While their classmates toil away at such courses as pre-calculus and history, a small group of Newton County high schoolers is spending the afternoons flying agricultural drones over cornfields.
That's right: drones.
Once the province of the military, then the toys of tech-savvy early adopters, drones are an increasingly common tool for farmers.
With the help of a $454,000 grant from the Office of Gov. Mike Pence and the Newton County Council, South and North Newton high schools have each purchased drones and tractors to train students in precision farming, which uses data to maximize crop yields.
"We're kind of ahead of the game as far as compared to other programs," said Drake Babcock, who teaches the course. "Eventually, just like many things, it's going to be something that's going to trickle down to our secondary level."
At South Newton, students use two drones. One takes photos and videos of the fields. As one student puts it, it's the type of drone a real estate agent might use to photograph properties.
The second drone is more powerful, with tools specifically designed for agriculture. As it travels over fields, following a programmed GPS itinerary, it collects not only photos but infrared data on the fields.
Students and staff use the data to compile maps showing photosynthesis throughout the field — in other words, where crops are healthy and where they are weak.
"As the grower, we can adjust what we need to across the entire field based on that individual plant health," said Babcock, who began tracking plant health at the school's test plot this summer. "We learned that we've got some huge issues that we need to adjust and fix for next year.
"Just driving by and kind of looking at it, we thought that maybe half of our field that we have here was going to be productive and kind of give us a normal yield look. And after flying we found that probably about a third of our field is really gonna give us a normal yield that we're expecting."
If the information drones collect is analyzed effectively, farmers can precisely target herbicide and pesticide use, among other benefits, according to Mike Leasure, an aeronautical engineering technology professor at Purdue University. "(That) has a real positive effect on the environment, as well as their bottom line."
For small farmers, it may be a significant challenge to analyze data independently.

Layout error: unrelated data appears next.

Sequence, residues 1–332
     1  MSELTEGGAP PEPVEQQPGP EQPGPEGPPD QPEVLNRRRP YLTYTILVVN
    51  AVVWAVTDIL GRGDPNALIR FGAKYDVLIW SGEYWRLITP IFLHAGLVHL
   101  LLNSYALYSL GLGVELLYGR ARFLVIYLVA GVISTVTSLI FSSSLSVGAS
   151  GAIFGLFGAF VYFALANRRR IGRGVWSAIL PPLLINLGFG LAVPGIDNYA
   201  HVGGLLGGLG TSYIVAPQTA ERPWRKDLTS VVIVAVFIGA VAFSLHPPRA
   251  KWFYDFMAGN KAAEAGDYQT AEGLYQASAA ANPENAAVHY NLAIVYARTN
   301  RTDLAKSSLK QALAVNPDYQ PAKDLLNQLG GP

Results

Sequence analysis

"There's a big step between taking the data or the pictures or the images ... and actually evaluating it for something that is useful to a farmer," he said.
The grant also paid for new tractors equipped with GPS guidance systems that allow them to traverse fields without drivers actively steering. The South Newton students in the course are spending the semester operating the tractor in rotating pairs, teaching each other how to drive.
One of the more experienced students is senior Kurt Vissering. He learned to operate automated tractors on his family farm, and now he's honing the skill at South Newton.
Even for Vissering, however, the drones are new. He can't think of any farmers who use them.
That may be good news. Although drones are growing in popularity, the Federal Aviation Administration does not license operators to use them commercially, according to Leasure.
"All commercial operations are banned," he said. "The FAA really sees anything beyond just doing it for entertainment and fun as commercial operations."
By the time these high schoolers are running or working farms for a living, however, the situation is likely to be different. The FAA plans to release guidelines for licensing commercial operators within the next 1 1/2 years, Leasure said.
Kathryn Weiss, a senior at South Newton, grew up on a farm, but the tractors, drones and field mapping of precision agriculture are still new for her.
"It's very fun. I've learned a lot from the beginning of the year," said Weiss, who hopes to study agriculture business management in college. "I'll more than likely end up living on a farm. ... I'm hoping it will help me out in the long run."